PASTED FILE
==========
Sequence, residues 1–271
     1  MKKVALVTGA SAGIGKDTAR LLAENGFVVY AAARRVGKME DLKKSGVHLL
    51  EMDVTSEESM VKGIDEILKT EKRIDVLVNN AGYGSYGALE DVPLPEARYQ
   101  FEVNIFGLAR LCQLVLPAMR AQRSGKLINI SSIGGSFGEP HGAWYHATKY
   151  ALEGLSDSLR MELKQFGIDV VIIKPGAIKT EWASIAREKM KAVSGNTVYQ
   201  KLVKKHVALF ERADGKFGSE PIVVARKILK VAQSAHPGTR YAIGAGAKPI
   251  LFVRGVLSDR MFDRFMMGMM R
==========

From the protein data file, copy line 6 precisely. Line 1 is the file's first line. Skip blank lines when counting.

   201  KLVKKHVALF ERADGKFGSE PIVVARKILK VAQSAHPGTR YAIGAGAKPI